From the website of attorney William P. Lightfoot comes "Effective Uses of Medical Literature," a paper "first presented at the ATLA Annual Convention, Chicago, Illinois, 2000." As you might expect if you know about ATLA, the paper is written from the point of view of a plaintiffs' lawyer:
All personal injury cases involve medicine and law. The law is applied to the facts to determine the person responsible for causing injury to the plaintiff. Principles of medicine determine the nature and extent of the injury, as well as the causal relationship to the negligent conduct. In every PI case, a health care provider testifies about the application of principles of medicine.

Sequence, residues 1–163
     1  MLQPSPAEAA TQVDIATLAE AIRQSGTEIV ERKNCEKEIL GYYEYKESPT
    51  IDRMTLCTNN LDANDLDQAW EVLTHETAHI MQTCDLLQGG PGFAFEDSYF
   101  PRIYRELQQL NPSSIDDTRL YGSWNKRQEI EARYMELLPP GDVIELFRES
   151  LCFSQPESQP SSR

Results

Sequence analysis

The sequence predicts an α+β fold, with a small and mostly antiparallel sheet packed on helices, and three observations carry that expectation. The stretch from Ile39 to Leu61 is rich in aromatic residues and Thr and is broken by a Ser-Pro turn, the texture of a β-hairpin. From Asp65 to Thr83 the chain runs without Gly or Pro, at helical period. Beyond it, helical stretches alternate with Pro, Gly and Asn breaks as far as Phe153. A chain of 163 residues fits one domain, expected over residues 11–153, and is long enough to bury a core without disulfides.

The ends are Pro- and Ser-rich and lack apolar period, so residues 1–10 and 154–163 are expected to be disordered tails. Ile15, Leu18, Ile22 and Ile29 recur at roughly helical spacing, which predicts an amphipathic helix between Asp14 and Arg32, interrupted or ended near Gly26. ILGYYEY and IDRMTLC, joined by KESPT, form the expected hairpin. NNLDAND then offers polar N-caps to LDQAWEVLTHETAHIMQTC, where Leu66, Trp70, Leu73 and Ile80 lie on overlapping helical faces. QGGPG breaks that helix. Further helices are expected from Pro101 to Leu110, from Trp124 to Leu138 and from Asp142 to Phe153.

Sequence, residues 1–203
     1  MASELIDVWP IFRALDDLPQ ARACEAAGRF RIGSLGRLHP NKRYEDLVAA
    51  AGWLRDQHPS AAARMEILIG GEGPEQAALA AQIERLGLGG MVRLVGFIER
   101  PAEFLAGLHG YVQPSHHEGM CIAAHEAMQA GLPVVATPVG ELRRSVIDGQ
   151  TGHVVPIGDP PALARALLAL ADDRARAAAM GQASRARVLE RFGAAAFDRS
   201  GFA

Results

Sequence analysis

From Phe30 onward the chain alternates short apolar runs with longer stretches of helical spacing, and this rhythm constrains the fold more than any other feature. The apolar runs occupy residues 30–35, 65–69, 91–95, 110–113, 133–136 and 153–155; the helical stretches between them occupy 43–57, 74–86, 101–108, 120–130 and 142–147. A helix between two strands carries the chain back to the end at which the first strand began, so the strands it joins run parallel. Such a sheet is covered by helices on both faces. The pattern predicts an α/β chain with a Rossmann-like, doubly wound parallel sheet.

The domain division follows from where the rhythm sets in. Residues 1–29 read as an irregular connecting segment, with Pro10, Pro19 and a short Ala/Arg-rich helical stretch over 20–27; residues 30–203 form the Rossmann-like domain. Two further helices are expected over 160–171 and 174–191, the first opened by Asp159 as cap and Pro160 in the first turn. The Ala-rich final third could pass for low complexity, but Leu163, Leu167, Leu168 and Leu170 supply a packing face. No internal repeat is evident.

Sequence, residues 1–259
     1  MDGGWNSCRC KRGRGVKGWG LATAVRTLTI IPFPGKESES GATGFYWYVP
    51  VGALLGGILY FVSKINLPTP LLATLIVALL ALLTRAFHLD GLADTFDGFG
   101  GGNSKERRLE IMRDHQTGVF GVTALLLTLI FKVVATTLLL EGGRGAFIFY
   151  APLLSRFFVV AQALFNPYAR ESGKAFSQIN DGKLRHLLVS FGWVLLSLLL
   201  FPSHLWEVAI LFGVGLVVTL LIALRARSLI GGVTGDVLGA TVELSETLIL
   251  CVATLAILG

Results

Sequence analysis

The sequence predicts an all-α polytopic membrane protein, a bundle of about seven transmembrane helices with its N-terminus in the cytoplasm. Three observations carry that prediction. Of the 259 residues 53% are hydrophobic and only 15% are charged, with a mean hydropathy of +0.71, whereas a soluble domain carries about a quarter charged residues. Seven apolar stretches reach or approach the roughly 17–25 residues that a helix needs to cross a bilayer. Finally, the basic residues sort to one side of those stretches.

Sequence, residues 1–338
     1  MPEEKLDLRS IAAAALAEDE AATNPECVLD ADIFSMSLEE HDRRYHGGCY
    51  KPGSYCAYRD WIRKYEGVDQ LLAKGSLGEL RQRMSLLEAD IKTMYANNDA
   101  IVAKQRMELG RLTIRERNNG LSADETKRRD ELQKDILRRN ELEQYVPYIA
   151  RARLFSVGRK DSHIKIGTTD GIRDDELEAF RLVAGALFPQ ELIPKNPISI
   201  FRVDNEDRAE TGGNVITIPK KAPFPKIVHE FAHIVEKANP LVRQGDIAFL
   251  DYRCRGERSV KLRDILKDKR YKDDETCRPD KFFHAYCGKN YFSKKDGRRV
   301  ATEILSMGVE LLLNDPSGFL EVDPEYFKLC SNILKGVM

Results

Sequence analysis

All health care providers rely to some degree on medical literature such as journals or learned treatises to support their opinions. At different stages during litigation, medical literature is handled in a variety of ways. The majority rule is that learned treatises may not be used as independent evidence of facts or opinions. This paper will discuss the various ways medical literature may be used during different stages of litigation.
The author discusses the use of medical literature in voir dire, opening, direct, cross, and closing; he also analyzes medical literature as an exception to the hearsay rule, and gives some ideas for discovering relevant literature.